The people of Laos are very diverse, as there are a large number of different ethnic groups living in the country. They are friendly, have a rich sense of humor and love telling stories. They are also patient and very accepting of life, not trying to change the way things are, but taking them as they are. The precepts of Buddhism are a very important part of their lives.
Lao is the main language spoken throughout the country, however, given the wide range of ethnic groups, you may hear a variety of tribal languages. French, Vietnamese and English are also sometimes spoken.
The majority of the people in Laos are Buddhists. Other belief systems from Confucianism to animism to Christianity are also represented.
As with most Asia countries, don't touch anyone on the head or with the foot, and women should never touch a monk. Public displays of affection are frowned upon. Dress appropriately for your visit to this Buddhist country. Short shorts and revealing clothing should be avoided. Footwear must be removed when entering a temple. Always carry your ID or passport with you. The typical Lao greeting is the nop, with the hands pressed together as if in prayer, however some people will shake hands instead.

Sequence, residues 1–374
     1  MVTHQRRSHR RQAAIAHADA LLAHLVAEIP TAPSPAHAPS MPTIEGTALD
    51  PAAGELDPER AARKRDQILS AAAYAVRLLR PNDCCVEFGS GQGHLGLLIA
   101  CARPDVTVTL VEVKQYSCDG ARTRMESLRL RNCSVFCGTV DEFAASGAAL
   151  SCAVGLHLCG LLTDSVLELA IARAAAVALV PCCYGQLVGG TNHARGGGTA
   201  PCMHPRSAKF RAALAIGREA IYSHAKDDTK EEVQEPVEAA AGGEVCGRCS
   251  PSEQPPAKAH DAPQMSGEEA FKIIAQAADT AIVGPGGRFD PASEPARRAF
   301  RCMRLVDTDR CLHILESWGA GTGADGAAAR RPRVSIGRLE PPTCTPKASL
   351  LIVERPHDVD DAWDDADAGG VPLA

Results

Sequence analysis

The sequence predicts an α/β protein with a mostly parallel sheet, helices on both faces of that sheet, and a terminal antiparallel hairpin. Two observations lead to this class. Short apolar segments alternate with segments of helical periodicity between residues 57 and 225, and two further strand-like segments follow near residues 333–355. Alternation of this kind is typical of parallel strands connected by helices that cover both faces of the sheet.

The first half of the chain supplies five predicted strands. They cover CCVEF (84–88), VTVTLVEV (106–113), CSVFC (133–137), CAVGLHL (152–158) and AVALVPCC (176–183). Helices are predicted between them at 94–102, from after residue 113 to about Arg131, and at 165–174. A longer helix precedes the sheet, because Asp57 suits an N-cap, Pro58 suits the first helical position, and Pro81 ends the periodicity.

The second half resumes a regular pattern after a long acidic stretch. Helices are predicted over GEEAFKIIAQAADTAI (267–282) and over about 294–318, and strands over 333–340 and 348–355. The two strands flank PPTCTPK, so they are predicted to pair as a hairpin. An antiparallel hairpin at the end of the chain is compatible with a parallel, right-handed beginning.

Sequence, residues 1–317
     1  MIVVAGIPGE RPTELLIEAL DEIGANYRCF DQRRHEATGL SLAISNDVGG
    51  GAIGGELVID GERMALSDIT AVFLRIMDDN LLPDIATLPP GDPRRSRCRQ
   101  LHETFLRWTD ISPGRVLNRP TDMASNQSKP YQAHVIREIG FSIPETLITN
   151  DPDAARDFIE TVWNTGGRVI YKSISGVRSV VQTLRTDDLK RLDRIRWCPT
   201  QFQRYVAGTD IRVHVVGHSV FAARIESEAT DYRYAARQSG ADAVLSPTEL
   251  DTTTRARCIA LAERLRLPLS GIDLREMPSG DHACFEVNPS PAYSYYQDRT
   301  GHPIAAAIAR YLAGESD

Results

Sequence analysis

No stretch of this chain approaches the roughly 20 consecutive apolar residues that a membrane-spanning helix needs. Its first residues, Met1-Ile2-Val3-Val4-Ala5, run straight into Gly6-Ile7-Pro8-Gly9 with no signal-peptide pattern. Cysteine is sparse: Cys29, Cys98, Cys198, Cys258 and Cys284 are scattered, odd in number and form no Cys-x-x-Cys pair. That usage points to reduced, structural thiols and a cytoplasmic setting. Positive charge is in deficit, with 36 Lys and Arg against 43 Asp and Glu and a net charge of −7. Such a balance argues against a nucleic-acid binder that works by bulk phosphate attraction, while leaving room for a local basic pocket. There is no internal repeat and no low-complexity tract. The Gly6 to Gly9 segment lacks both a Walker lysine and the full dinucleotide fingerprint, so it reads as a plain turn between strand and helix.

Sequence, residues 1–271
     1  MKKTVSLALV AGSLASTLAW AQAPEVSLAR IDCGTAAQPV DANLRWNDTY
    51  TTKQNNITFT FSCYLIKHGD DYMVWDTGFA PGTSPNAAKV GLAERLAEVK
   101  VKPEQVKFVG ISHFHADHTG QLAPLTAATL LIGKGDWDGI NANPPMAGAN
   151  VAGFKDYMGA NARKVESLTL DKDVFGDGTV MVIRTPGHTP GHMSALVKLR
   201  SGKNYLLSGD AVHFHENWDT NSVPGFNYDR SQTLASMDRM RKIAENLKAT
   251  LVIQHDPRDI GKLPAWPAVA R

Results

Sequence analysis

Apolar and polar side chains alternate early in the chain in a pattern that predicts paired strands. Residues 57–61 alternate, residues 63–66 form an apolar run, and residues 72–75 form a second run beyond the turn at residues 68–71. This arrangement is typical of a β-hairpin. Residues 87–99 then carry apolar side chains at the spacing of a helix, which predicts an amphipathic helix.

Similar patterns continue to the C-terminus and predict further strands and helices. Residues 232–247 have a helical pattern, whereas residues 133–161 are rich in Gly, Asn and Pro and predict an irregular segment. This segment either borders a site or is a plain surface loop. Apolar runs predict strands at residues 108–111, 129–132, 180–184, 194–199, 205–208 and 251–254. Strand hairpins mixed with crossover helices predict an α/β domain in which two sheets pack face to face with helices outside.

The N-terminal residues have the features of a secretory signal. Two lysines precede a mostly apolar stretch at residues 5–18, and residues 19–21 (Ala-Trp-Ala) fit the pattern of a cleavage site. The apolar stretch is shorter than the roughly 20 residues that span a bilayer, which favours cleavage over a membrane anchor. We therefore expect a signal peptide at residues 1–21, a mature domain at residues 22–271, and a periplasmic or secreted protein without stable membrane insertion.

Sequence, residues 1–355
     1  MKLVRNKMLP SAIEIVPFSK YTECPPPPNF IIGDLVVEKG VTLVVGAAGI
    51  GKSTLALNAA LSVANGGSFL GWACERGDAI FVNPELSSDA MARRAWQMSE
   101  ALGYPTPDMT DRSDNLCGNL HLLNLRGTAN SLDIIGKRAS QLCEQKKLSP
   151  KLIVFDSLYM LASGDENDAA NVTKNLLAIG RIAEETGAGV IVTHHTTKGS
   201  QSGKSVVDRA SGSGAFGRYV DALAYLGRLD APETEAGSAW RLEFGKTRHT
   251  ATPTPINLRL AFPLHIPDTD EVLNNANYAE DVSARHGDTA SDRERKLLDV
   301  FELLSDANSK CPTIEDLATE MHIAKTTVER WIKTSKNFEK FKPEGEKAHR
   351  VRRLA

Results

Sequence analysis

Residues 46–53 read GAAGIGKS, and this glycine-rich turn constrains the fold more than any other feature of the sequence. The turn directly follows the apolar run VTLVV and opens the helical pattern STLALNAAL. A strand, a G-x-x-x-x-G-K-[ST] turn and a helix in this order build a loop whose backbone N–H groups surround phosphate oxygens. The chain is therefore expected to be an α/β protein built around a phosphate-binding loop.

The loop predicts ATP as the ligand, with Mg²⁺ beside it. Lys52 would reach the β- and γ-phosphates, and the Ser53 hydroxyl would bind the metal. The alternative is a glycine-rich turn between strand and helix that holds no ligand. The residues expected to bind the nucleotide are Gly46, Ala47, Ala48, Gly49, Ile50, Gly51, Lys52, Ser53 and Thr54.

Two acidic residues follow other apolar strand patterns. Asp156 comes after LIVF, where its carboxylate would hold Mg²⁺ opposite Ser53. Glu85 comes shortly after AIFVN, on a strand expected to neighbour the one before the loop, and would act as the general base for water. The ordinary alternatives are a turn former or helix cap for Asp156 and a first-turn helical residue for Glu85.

Lao cuisine, with its Thai, Vietnamese, Chinese and French influences, tends to be spicy, with a liberal use of chiles. Some of the local specialties are: sticky rice, feel free to eat this with your fingers - just roll it in a bite-size ball and pop it in your mouth; pho, a rice noodle soup, usually served with beef or pork; laap, minced meat, fish or vegetables tossed in lime juice, garlic, onions and chiles; tam maal hung, a salad of papaya mixed with chiles, garlic, lime, fish sauce and palm sugar; and khai phaan, moss from the Mekong River usually topped with garlic and tomato, a Luang Prabang specialty.Favorite local libations include lao lao, a rice whisky, and Beerlao.